To be honest, I didn't think todays session was gonna happen... There just seemed to many things against it but sometimes you've just gotta push a bit harder and as I stomped through the leaves upstream on the River Avon at Keynsham, that 'buzz' of being on the bank came back to me.
The day was looking very spooky: I'd been keeping an eye on the weather forecast and record temperatures and high winds were being predicted across most of England. It was warm, muggy even, but the light was the weirdest thing. The sun was a bright orange disk low in a dull grey sky, it almost looked like the reverse of an eclipse? Although the wind was blowing strong, it was very still and quiet with no bird song and only the slow current of the river providing any background noise... Very, very odd.
Rather than stomping a long way across the fields and working my way back, I'd decided to reverse the idea and fish the swims up from the marina and into the 1st field. My chest infection was making breathing difficult and I didn't like the idea of a long walk (lazy I know). So I jumped in the 1st available swim which is perfect for setting up in as it's wide and open.
It quickly became apparent that drifting sprats was going to be tricky... The wind was blowing against the current so big bows were forming in the lines and bite detection was virtually impossible. So I decided to up sticks and move to the next swim which was slightly more sheltered...
...only to find a bloody boat in it! It's pretty cheeky as a new pontoon was installed on the stretch just up from the marina meaning five or so swims are now unfishable. I'm guessing you have to pay for mooring up at the pontoon but it's free if you can get away with it in one of the fishing swims?! Grrr.
So I decided to head into the 1st field and fish on the bend opposite the boat yard that 'The Crane Stretch' gets it's name from. I'd never really fished the swim before but it looks good and I was keen to try somewhere new.
Due to the wind, I switched one rod to a ledger set up and the 2nd with a 1oz ball weight above the swivel, the idea being one would be nailed to the bottom and the other would still 'drift' if the current was strong enough. I did stick with the sprat rig though as my feeling was that there would be loads of hungry jacks around so smaller baits was the best bet. And the last change was to cast out further into the flow. I've been rewatching a lot of Joe from Nuffinbutfishin's YouTube channel and one thing I'd noticed was he generally casts out into the river, not something I've really done as I'd opted to fish close in snaggy swims in the past (the flow on this part of the Avon always seems to be very fast which has put me off casting to the middle in the past).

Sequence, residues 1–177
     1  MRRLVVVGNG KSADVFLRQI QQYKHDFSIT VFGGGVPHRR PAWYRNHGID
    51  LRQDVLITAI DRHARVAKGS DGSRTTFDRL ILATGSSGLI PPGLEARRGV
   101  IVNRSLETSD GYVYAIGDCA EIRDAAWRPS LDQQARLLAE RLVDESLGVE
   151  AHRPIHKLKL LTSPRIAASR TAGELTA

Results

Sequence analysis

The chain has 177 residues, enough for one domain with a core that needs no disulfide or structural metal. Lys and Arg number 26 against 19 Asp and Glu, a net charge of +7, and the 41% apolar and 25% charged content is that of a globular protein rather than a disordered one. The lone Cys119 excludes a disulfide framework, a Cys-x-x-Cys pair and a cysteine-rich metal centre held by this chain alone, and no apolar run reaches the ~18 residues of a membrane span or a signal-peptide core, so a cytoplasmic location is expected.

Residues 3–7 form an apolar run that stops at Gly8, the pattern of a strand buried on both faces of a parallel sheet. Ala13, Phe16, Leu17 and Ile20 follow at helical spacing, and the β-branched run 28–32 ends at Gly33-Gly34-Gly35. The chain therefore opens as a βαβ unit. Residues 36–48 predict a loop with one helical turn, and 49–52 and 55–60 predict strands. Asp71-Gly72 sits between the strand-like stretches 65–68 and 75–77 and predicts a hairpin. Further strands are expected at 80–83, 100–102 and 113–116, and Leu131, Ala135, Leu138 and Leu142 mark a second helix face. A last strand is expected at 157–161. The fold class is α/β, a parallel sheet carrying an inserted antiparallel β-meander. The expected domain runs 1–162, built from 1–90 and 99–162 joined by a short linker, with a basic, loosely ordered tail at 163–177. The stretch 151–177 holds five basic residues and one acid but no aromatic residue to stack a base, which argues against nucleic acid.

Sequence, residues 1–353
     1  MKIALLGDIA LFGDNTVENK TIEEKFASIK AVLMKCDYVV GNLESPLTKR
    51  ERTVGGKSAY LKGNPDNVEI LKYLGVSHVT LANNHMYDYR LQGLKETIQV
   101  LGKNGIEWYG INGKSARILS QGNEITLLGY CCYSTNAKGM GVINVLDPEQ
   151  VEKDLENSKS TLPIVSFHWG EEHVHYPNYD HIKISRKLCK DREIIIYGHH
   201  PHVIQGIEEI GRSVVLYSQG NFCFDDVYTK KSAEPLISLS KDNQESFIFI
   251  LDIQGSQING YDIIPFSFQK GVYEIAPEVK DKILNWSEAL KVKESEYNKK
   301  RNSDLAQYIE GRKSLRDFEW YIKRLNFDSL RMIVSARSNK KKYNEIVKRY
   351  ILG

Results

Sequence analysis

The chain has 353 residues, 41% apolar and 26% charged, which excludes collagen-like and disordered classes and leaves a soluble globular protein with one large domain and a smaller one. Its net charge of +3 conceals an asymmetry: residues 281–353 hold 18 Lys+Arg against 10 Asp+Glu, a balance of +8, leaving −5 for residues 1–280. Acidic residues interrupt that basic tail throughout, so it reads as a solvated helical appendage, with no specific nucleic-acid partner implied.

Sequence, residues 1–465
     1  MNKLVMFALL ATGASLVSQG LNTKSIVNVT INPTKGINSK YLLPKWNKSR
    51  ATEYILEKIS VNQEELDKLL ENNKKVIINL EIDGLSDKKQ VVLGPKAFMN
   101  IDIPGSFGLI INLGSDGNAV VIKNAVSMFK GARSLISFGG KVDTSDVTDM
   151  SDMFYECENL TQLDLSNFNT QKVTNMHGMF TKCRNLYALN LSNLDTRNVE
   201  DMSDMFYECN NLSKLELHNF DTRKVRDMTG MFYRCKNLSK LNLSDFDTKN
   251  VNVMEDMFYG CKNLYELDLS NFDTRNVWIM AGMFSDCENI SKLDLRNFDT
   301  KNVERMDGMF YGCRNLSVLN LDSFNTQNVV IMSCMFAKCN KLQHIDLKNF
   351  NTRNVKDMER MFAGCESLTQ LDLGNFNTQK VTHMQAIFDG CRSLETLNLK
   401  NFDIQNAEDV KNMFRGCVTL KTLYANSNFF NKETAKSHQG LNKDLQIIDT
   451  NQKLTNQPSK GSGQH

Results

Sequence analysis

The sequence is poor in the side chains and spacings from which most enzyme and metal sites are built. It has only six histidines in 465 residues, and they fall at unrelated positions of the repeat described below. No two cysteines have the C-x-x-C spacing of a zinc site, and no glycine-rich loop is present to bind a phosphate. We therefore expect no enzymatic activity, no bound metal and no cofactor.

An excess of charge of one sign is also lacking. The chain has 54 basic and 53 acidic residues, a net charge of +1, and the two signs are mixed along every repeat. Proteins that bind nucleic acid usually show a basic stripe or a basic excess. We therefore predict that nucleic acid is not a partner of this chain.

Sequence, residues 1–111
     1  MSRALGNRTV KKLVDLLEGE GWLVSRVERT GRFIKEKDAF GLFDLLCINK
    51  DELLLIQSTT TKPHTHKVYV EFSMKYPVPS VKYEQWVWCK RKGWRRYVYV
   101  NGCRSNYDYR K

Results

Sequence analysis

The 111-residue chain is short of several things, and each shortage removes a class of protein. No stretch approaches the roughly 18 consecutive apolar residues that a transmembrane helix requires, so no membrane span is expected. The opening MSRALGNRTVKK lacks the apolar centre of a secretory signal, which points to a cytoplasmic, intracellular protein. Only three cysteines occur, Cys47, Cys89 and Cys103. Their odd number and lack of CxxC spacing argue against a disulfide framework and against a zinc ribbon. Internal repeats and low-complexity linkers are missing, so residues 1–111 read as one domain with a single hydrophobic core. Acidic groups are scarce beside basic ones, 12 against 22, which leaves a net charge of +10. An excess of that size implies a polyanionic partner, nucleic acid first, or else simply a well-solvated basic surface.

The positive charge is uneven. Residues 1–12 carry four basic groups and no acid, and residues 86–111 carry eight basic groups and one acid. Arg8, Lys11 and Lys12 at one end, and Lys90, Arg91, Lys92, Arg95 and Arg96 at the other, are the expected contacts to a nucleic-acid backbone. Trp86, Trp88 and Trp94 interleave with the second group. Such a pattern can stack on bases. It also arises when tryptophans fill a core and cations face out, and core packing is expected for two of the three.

So out went the baits and I sat back to see what would happen... As it turned out I didn't have to wait long! The right hand rod went off with a screaming take that I really wasn't expecting!
Only a small jack but it meant I was off the mark and it seemed to spark a feeding frenzy as over the next hour or so I banked another 3 jacks. Switching between sardines and sprats seemed to do the trick and although the weather was still a challenge, jack after jack was attacking the baits (I missed a couple of runs, striking early to avoid deep hooking the small pike).
After all that activity the bites tailed off and as I began thinking about a move, the sun came out and the wind eased off! Very odd. I really thought the sudden change in weather would kill the fishing and as it was now creeping towards hometime I figured jumping into the swim to my right was worth a go. It's just past the bend in the river and gives you access to the far tree lined bank as well as a long straight just off the crease heading down river - ideal.
The only problem was I'd nearly run out of bait! The jacks in the last swim had left me with a very sorry looking sardine tail, three sprats and one mackerel tail... What the hell though, gotta give it a go! The bedraggled sardine tail went out on the ledger rod to the far margin just round the bend and the right hand rod was baited with a sprat and cast into the flow.
I was very surprised when ten minutes after casting out the left hand rod exploded into life! If this was a jack, it was really giving it some... But I was greeted with a solid resistance when I struck into the fish and after a fantastic fight a stunning looking River Avon pike was sat in the net.
What a great fish! As we're early in the season, it was a lean mean fighting machine of just under 10lb but give it another couple of months and I reckon it will hit 15lb no problem.
By now the day was really marching on and as the cows turned up (I think they head this way for an afternoon feed from the farmer?) I headed back to the swim with the boat in it which had now disappeared. Although there were no touches, I'm convinced it's worth giving the swim another go in the future as it just screams pike!
So yet another brilliant days fishing on the Avon! I can't wait for the next session, we're really heading into winter now and those pike'll be hungry...